Senate confirms chairman of Joint Chiefs of Staff, avoiding Tuberville blockade | ET REALITY


The Senate on Wednesday confirmed Air Force Gen. Charles Q. Brown Jr. as chairman of the Joint Chiefs of Staff, bypassing a Pentagon promotion block imposed by Sen. Tommy Tuberville.

The vote was 83 to 11 and was expected to be followed by confirmations from the heads of the Marine Corps and Army, which have also been delayed for months by Tuberville, an Alabama Republican, over the administration’s abortion access policies. Defense Department.

Gen. Brown will succeed Army Gen. Mark A. Milley when he steps down as chairman of the Joint Chiefs of Staff at the end of the month.

Democratic majority leader Sen. Chuck Schumer of New York bypassed the Tuberville hurdle by submitting each individual nomination to a full Senate vote. But hundreds more promotions remain in limbo because of Tuberville’s objections.

Schumer had been reluctant to force a vote on individual candidates for fear of being seen as capitulating to Tuberville, whose tactics he has likened to hostage-taking. The Alabama senator has been blocking a series of promotions of top generals and admirals in an effort to force the Pentagon to reverse a policy, implemented after the Supreme Court overturned Roe v. Wade, to give time off and reimburse service members who had to travel to obtain abortion or fertility services.

“The Senate will vote overwhelmingly to confirm them, and these three honorable men will finally be able to take office,” Schumer said on the Senate floor. “And the abortion policy that Senator Tuberville abhors will continue. Senator Tuberville will have achieved nothing.”

While Tuberville said he appreciated their quick approvals, he added that he would not relent in his push to eliminate the abortion access policy. She was among 11 Republican senators who voted against General Brown’s nomination, despite having indicated to reporters in recent months that he would support it.

“They finally realized I wasn’t going to give in. I still don’t,” Tuberville told reporters Wednesday. “They have to do the right thing and push back on the policy.”

The White House praised the action but criticized Tuberville for refusing to back down.

Schumer’s move, said White House spokesman John F. Kirby, was good for the three generals, their military branches and the Defense Department as a whole, but “it does not solve the problem or provide a path forward for the others.” 316″. generals and flag officers who are held back by this ridiculous control.”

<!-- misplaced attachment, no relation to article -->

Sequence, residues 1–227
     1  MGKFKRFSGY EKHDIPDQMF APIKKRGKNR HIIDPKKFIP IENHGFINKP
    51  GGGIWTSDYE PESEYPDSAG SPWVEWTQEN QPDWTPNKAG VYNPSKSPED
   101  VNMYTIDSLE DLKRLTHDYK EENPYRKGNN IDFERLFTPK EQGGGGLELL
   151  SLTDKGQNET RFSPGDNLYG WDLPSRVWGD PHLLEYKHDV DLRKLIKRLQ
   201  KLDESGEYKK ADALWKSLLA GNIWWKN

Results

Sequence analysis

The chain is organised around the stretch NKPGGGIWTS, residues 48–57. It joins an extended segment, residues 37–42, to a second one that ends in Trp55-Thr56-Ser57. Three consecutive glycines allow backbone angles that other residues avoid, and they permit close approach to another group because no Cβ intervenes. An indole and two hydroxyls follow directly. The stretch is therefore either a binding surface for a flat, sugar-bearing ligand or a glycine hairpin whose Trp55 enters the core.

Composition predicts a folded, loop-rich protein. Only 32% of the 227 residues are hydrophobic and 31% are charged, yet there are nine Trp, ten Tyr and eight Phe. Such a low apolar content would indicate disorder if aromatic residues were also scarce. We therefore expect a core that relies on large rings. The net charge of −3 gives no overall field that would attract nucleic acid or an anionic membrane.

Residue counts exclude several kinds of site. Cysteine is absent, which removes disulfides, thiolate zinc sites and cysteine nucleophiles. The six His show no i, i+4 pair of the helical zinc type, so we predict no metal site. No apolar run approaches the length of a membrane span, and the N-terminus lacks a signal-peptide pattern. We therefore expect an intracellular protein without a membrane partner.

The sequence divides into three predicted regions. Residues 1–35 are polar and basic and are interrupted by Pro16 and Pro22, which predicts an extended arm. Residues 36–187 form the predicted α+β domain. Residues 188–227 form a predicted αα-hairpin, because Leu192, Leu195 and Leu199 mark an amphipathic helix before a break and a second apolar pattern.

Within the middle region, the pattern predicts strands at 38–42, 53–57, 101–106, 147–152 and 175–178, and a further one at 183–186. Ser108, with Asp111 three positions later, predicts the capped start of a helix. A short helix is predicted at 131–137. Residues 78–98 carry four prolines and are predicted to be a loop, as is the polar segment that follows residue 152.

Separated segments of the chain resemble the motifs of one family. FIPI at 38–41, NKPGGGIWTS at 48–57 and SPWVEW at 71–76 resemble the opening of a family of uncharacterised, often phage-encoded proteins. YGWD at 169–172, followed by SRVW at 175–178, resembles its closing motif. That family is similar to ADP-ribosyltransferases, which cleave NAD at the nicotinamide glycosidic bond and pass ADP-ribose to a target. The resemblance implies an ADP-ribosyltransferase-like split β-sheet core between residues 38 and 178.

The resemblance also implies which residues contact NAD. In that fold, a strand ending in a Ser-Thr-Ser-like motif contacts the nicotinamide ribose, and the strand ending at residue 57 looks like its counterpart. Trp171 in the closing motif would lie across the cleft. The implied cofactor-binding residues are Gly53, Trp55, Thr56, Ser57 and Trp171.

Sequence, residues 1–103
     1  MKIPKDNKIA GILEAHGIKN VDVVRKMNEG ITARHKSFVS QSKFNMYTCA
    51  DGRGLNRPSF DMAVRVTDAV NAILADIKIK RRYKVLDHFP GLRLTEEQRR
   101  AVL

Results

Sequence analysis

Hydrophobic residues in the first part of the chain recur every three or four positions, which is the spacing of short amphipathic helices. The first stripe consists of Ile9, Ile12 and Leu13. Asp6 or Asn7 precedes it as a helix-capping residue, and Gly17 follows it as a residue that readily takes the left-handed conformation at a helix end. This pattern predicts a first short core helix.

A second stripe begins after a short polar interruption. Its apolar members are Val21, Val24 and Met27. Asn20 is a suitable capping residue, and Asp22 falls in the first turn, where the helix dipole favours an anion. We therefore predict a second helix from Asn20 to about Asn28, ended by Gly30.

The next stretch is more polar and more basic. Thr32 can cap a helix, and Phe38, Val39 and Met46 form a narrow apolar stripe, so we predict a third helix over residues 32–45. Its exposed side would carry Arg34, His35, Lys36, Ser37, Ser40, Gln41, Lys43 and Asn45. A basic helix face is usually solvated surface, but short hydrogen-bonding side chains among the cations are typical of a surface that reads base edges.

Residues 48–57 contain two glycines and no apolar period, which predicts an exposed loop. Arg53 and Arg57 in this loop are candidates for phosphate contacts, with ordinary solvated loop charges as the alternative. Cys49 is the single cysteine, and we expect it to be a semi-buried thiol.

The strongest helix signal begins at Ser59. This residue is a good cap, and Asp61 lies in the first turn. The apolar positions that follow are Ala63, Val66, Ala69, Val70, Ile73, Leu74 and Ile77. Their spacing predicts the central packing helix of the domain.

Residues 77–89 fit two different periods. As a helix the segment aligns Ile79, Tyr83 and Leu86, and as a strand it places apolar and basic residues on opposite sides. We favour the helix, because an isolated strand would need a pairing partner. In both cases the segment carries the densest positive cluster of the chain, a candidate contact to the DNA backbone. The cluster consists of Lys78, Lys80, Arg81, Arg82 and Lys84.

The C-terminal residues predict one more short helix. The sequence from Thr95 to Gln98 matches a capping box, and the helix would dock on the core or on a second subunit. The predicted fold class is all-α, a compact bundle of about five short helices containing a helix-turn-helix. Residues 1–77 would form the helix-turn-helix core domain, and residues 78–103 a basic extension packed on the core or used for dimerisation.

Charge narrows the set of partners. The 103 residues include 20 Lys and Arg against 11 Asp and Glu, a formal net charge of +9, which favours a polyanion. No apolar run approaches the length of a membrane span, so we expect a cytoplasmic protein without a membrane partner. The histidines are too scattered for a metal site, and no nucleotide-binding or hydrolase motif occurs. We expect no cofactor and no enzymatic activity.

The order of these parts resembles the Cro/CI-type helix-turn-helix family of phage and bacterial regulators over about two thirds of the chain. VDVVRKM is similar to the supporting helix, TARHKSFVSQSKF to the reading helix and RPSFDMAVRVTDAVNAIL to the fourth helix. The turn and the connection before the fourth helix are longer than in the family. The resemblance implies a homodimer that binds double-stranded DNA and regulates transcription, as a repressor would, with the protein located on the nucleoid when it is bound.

In March, the Pentagon enacted a policy that provides time off and travel reimbursement to service members who need to leave the state to obtain an abortion or other forms of reproductive health services, in an effort to give troops equal access to such attention regardless of where they are. They are parked.

Tuberville, who had previously warned that he would protest the policy change if it were enacted, has since dug in, refusing to allow nominations to move forward even as leaders of his own party publicly repudiated his efforts as dangerous to military readiness. Instead, he has repeatedly demanded that the Pentagon repeal its policy unless Congress passes a law explicitly codifying it, and challenged Schumer to use cumbersome procedural maneuvers if he wants to get around his objections.

Before the Tuberville protest, the Senate regularly approved high-ranking military promotions in large blocks without controversy, a practice established to save precious work hours. While Schumer has had the power to force a vote on each individual promotion, he has resisted because doing so for the hundreds pending would have consumed the Senate’s attention for weeks. He also feared that this could encourage other senators to employ similar tactics to protest federal policies in the future.

Schumer changed his mind Wednesday after Tuberville threatened to bypass his own blockade and demand that the Senate hold a vote on the nomination of General Smith, the first of three newly confirmed chiefs to appear for a hearing before the Services Committee Armed Senate. That would have allowed Tuberville to mitigate accusations that he has jeopardized national security by leaving the military’s top ranks without permanent leaders and full powers.

Schumer ridiculed Tuberville’s latest tactic on the floor Wednesday, accusing the Alabama senator of acting underhandedly and “essentially trying to become the gatekeeper of which officers get promoted and who sits back and waits.”

“He’s desperate to shift responsibility to others,” Schumer said. “The blame falls squarely on the shoulders of the senator from Alabama.”

Tuberville in turn accused Schumer of having mismanaged the situation and underestimating his determination.

“This suspension does not affect preparation,” Tuberville said. “If Democrats want to complain, they should look in the mirror. I don’t control the floor; Democrats do it.”

It was not immediately clear whether Schumer would intend to continue holding such votes on high-profile pending military promotions. The Armed Services Committee is expected to soon recommend Adm. Lisa M. Franchetti to the full Senate for confirmation as the next chief of naval operations, and in the coming weeks, the panel is expected to consider Gen. David Allvin’s nomination for occupy the position. as the new chief of staff of the Air Force.

Mr. Kirby noted that doing so for each pending promotion could take up to 700 hours, adding: “That’s not only unrealistic; “It is dangerous for our national security.”

Erica L. Green contributed with reports.

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